The News Without Transparency: Bain Execs Spend Big for Romney


Last month iWatch News reported that executives from Bain Capital, Romney’s private equity firm, have spent nearly $5 million trying to further Romney’s political agenda since 2004. This investigation would not have been possible without public access to both federal and state campaign finance information.

The Federal Election Campaign Act of 1971 initially established substantive disclosure requirements for federal candidates, political parties, and PACs. Subsequent amendments and legislation, including the Bipartisan Campaign Reform Act of 2002 and the Honest Leadership and Open Government Act of 2007 have further strengthened these requirements.

The Federal Election Commission (FEC) website has all the information required to be disclosed for federal elections, although it is dense and hard to navigate. Organizations such as the Sunlight Foundation, ProPublica, and the New York Times have taken FEC data and reworked it into more user-friendly formats while also drawing out the information most relevant to the upcoming presidential election.

Super PAC Data

The article digs into the finances of Restore Our Future, a Romney-supporting super PAC, and states the following:

  • Bain Capital employees gave $3.1 million in 2011
  • Through January 2012, Restore Our Future spent $1 million on advertising for Romney

Information regarding Restore Our Future’s contributions and expenditures can be found using Sunlight’s super PAC tracking tool. An initial look shows five contributions from individuals naming Bain Capital as their employer: $125,000 from Steven Barnes, $250,000 from Domenic Ferrante, $250,000 from John Connaughton, $250,000 from Stephen Zide, and $500,000 from Paul Edgerly. The data also show that as of March 7, 2012, Restore Our Future has spent almost $900,000 supporting Romney and nearly an additional $30,000,000 slamming Gingrich and Santorum.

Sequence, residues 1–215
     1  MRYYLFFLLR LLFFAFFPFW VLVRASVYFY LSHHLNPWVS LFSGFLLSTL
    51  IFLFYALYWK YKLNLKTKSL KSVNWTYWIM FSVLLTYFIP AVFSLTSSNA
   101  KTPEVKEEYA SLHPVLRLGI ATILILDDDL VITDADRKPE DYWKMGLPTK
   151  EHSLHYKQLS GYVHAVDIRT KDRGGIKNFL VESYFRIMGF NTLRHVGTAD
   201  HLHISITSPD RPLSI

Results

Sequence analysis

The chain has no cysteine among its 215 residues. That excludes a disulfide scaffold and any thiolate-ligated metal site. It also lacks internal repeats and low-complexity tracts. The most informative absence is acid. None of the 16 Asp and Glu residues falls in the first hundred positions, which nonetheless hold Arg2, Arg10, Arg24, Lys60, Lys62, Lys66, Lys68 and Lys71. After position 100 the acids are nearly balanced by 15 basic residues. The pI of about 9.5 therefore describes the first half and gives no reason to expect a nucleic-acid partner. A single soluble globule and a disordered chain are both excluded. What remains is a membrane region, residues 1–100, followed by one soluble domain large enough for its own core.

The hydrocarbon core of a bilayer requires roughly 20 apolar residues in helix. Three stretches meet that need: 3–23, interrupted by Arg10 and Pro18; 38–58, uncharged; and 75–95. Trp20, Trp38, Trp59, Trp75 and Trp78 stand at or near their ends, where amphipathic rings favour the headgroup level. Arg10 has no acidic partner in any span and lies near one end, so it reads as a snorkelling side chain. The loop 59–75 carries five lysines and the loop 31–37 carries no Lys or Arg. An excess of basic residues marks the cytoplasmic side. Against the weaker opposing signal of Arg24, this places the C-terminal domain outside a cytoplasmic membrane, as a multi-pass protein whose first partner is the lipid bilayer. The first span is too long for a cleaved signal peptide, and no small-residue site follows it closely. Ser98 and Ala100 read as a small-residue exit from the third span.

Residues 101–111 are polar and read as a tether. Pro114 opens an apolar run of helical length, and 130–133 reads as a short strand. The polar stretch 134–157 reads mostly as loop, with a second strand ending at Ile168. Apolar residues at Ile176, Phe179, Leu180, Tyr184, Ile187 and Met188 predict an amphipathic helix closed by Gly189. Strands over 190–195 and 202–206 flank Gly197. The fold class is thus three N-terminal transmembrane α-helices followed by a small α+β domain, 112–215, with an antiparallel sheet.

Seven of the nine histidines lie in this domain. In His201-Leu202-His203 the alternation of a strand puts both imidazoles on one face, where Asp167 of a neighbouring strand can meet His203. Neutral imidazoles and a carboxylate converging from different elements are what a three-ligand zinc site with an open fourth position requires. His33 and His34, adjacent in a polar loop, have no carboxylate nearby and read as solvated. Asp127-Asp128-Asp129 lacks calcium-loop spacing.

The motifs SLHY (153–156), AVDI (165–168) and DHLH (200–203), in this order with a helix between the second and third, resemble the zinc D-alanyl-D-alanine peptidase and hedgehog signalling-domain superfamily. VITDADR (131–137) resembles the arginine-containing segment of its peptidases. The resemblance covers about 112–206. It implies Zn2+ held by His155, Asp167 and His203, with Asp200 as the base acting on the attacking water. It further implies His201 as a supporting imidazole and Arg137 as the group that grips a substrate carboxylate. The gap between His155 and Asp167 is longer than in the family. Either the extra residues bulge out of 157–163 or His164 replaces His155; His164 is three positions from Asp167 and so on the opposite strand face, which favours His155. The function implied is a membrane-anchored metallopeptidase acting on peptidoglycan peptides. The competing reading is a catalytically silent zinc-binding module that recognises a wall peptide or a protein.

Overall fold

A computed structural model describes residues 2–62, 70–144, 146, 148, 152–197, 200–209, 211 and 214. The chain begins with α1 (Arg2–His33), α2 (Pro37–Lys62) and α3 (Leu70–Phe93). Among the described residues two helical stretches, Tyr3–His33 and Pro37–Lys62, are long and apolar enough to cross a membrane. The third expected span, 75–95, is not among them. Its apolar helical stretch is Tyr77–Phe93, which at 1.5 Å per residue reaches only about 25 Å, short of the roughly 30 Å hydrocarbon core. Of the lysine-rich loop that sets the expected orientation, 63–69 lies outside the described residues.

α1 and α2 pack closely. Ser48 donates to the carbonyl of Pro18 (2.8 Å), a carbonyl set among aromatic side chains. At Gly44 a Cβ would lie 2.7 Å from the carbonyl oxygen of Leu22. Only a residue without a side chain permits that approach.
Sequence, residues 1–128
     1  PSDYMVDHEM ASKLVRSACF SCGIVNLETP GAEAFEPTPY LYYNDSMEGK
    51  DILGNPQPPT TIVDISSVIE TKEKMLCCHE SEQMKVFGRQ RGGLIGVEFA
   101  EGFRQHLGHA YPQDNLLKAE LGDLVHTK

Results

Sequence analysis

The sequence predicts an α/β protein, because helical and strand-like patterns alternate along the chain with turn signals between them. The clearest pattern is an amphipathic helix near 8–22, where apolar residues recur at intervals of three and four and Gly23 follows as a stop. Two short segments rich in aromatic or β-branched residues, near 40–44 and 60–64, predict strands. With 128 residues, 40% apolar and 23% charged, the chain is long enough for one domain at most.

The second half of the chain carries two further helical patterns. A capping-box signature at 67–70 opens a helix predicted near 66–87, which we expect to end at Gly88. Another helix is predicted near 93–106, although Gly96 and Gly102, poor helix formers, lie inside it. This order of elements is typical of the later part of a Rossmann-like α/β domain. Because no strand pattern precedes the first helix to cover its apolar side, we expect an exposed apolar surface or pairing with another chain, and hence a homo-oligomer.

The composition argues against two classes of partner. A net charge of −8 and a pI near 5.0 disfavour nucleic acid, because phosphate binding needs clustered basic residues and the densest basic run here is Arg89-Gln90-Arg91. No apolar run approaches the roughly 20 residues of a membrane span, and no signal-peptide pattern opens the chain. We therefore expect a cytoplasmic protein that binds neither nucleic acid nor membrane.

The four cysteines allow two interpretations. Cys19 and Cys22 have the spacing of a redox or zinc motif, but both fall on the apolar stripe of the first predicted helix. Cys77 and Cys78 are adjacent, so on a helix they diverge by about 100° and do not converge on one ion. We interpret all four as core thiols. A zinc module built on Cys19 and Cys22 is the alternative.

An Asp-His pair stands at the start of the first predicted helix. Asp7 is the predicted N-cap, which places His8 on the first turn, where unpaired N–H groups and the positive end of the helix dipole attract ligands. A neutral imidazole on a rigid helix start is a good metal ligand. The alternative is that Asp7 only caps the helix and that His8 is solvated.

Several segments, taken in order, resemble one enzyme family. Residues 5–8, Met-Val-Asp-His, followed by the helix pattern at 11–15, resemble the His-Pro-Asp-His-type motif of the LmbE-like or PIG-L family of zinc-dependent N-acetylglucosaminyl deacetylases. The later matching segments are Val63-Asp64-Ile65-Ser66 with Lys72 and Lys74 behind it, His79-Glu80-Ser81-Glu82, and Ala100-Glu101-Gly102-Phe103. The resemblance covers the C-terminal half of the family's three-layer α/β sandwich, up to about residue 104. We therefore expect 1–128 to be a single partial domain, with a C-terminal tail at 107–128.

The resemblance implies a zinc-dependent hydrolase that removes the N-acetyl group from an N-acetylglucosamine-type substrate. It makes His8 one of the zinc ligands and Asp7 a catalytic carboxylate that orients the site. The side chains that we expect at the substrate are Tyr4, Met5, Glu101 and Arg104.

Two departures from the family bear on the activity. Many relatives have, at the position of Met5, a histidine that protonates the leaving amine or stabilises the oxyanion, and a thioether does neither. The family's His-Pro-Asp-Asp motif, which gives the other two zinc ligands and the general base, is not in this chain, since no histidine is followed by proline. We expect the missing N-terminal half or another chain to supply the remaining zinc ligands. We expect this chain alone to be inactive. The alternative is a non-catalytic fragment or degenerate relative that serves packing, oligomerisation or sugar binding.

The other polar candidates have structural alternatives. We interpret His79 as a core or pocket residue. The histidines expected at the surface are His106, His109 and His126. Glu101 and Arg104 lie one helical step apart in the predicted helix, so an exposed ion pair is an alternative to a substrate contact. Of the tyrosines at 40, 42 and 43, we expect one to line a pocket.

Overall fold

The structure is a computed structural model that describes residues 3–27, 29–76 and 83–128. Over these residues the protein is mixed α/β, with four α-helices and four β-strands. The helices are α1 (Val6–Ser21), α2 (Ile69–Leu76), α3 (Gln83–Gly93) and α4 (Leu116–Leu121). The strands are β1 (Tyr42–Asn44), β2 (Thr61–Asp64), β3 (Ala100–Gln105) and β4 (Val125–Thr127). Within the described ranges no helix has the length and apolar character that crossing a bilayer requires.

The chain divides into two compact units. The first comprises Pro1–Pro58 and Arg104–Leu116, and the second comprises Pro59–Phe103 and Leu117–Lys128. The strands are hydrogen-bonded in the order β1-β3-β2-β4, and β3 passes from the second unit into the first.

Official Campaign Contributions

The iWatch News article also investigates the finances of the official Romney presidential campaign. It states the following:

  • Since 2007, 85 people listing Bain Capital as their employer gave $188,000 to the official Romney campaign.
  • Two Sun Capital executives, Rodger Krouse and Marc Leder, and their wives contributed $19,000 to Romney’s 2008 and 2012 campaigns. Bain Capital previously joined Sun Capital in company ventures.
  • Staples executive Thomas Stemberg – who received millions from Bain Capital back in 1986 to grow Staples – and his wife contributed $5,000 to Romney in 2011

Sunlight’s Influence Explorer provides detailed campaign finance data for politicians including Mitt Romney. There are 107 records of donations from Bain Capital employees in the 2007-2008 cycle, two in 2009-2010, and 71 in the current cycle (2011-2012). The Influence Explorer search can be modified to find the donations from specific individuals such as the key executives mentioned in the article by using search features within the tool.

Lobbying Data

The article also states that Bain Capital spent $3.1 million on lobbying on regulations for the financial industry and tax benefits for the wealthy. The Lobbying Disclosure Act regulates lobbyist registration and reporting requirements on the federal level. This data can be found using Sunlight’s InfluenceExplorer,, or SoprWeb, which is a tool on the Senate’s website that allows you to search and view lobbying disclosure forms.